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I have been Google'd and searched for the answer to these questions, but I cannot find a simple answer.

So my questions are about BVI interfaces. What are they? Why do you use them? In what scenario are they useful?

I've searched through CCNA books, but couldn't find an answer. I've also seen the (long) descriptions on Cisco's site, but frankly, I couldn't understand.

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3 Answers 3

up vote 8 down vote accepted

A BVI (Bridge Group Virtual Interface) is a routed interface that represents a set of interfaces that gets bridged.

So lets say for example that in your router you have two interfaces that needs to get bridged (one wireless and one wired for example) and you want them to behave as if they were part of the same layer two broadcast domain (because you want your hosts in either the wired or wireless interfaces behave as if they were in the same subnet). In this scenario, a BVI would act as the routed interface for that "merged" (really bridged) interfaces.

Any packets that wants to "escape" this merged layer two domain (wired + wireless) will have to go through this BVI.

To this BVI you could assign a layer three address, QoS policies, access-lists or any other "service" you may assign to any physical interface.

From this document:

When you configure and enable routing on the BVI, packets that come in on a routed interface, which are destined for a host on a segment in a bridge group, are routed to the BVI. From the BVI, the packet is forwarded to the bridging engine, which forwards it through a bridged interface. This is forwarded based on the destination MAC address. Similarly, packets that come in on a bridged interface, but are destined for a host on a routed network, first go to the BVI. Next, the BVI forwards the packets to the routing engine before it sends them out of the routed interface.

I really hopes this helps you understand BVIs.

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So if I understand, packets that are destined / coming out of a network in the bridged group go through the BVI first, which then decides what to do with it, based on the destination MAC. Also, the bridged networks can communicate with each other as if they're on a "switch", and the BVI regulates access to/from this "switch"? –  Inf.S Mar 31 '11 at 21:53
    
@Inf.S You are basically right, only the BVI is a routed interface so the forwarding decision it takes depends not on the destination mac address but on the destination IP address of the packet. It is the same concept as a "VLAN interface", that is the routed interface that L3 represents all the L2 ports on the VLAN to which it is attached. –  jliendo Mar 31 '11 at 21:59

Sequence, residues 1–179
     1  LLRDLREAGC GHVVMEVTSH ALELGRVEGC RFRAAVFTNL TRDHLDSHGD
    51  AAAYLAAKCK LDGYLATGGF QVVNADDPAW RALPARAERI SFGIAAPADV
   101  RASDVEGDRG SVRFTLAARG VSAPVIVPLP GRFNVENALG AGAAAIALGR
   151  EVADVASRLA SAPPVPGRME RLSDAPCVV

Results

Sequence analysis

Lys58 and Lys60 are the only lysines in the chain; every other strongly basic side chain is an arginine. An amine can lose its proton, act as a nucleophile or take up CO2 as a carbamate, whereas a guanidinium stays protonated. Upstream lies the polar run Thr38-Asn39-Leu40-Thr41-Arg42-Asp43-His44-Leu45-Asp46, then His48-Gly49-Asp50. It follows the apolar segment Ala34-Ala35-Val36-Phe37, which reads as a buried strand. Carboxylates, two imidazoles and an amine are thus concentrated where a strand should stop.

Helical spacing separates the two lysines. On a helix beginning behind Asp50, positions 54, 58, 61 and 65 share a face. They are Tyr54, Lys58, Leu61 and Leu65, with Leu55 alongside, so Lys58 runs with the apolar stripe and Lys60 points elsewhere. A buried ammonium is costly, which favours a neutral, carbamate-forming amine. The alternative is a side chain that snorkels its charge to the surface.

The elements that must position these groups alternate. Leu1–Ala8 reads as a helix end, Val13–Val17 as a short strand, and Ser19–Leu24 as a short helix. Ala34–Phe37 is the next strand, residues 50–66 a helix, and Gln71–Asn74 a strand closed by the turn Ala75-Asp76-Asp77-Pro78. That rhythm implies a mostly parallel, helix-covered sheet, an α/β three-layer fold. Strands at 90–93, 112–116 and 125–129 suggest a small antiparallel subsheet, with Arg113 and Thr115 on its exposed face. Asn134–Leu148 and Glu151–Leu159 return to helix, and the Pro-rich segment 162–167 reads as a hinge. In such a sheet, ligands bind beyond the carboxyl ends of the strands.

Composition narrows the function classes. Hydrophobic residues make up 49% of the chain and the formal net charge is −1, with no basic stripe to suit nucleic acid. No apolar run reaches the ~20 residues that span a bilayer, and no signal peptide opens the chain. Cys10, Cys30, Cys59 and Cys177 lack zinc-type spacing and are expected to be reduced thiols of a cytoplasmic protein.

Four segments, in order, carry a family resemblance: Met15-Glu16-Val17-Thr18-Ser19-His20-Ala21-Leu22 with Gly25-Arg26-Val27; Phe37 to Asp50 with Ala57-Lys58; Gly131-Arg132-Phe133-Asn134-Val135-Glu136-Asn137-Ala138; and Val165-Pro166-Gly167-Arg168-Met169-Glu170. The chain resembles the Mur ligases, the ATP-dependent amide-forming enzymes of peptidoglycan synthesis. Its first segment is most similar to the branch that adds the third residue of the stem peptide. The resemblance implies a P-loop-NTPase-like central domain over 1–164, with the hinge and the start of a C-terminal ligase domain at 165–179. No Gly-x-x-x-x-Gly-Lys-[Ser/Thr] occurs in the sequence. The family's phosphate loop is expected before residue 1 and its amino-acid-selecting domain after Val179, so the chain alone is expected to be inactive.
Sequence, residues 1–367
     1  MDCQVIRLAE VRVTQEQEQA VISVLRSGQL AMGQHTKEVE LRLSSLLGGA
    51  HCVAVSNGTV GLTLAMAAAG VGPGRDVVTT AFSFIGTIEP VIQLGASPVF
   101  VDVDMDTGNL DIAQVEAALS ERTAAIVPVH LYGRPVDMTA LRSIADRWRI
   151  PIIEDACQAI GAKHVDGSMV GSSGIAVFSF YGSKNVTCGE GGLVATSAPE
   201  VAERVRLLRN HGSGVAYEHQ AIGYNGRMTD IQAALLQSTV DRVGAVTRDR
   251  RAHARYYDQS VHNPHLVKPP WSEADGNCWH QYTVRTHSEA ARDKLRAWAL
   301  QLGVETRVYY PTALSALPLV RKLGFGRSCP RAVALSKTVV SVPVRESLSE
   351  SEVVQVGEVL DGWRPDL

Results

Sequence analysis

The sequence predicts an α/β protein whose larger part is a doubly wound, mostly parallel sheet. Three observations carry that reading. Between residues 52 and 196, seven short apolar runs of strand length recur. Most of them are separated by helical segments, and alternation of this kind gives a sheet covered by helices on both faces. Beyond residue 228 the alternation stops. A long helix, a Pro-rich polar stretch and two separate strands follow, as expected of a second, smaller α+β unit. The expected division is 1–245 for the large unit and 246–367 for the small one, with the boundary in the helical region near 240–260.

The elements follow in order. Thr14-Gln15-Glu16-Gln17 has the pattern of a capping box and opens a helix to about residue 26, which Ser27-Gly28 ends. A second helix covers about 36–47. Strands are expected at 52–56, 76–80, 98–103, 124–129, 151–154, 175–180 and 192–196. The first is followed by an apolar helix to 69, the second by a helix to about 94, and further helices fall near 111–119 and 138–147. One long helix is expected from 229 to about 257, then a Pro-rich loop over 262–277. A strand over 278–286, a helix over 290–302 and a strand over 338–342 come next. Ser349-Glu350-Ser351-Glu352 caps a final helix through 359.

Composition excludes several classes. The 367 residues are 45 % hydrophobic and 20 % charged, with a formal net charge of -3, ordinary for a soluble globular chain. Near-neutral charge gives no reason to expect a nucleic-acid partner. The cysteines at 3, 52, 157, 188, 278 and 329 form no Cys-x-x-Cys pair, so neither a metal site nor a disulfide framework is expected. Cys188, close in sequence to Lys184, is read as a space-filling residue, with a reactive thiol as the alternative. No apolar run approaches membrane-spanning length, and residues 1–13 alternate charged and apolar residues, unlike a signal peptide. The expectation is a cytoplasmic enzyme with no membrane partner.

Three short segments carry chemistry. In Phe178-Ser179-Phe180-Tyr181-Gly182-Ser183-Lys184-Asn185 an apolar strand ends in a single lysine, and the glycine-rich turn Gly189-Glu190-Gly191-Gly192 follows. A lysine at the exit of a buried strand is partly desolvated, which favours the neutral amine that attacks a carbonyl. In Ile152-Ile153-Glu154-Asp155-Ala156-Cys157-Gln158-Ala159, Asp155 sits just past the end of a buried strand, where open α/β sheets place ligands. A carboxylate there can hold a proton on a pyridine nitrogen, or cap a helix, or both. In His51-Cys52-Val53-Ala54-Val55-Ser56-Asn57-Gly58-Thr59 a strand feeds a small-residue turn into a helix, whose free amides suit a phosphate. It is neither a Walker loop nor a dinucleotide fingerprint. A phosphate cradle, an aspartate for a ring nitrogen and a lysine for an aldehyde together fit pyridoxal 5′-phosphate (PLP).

Ok, one last question: Can you give me a real-life scenario where a BVI would be useful or required? –  Inf.S Mar 31 '11 at 22:18
    
@Inf.S Real life scenario (so real that it is the one I have configured in my router) is the one described in the answer, that is, I want to have my wireless users and my wired users to be on the same subnet. I do this by first bridging the wireless interface with the VLAN interface that "represents" the physical ports where my wired users are connected and then I create a BVI interface "attached" to this "bonding" (of wireless and VLAN interface). It is this BVI interface that is going to be the default router for my wireless and wired hosts. –  jliendo Mar 31 '11 at 23:46
    
Another example would be two offices of the same company connected via a T1. You might use a BVI to "bridge" the two offices in order to have all of the hosts on the same subnet and using a common DNS infrastructure and having access to the same NetBIOS namespace (Network Neighborhood) facilitating a common "view" of network resources and infrastructure without having to route the required protocols from one physical network to another (NetBIOS, RPC, LDAP, etc). –  joeqwerty Apr 1 '11 at 0:37

BVI can replace Vlan interfaces. So instead of having a Vlan interface that routes packets (coming from acces port attached to that vlan number) that needs to be routed outside the vlan, the BVI does the same thing, routing packets outside de layer 2 domain from L2 interfaces that are bridged to that BVI.

In another words, if you understand how Vlan interfaces works for routing packets inter-vlan, you understand BVI as they are the exact same thing, just another way of doing things. Why choose one over the other , I don't know.

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here is my real time scenario,

I'm trying to implement redundancy between core and distribution level. I was thinking to Portchannel [using 2 fastethernet/gigabit Ethernet] to connect back to distribution switch from Primary router and backup router. Then implement VRRP on Port channel that too with 802.1q [for sub interfaces]. But in order to do this I need to have switches in stack. Portchannel won;t work between two independent switches. Then implemented BVI between two physical ports [Fast0/1 & F0/2] on Primary and secondary router. Using BVI we can have redundant link between 2 independent switches.

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StackOverflow is a question/answer format. Please read the FAQ: stackoverflow.com/faq –  tristan Aug 19 '13 at 15:00

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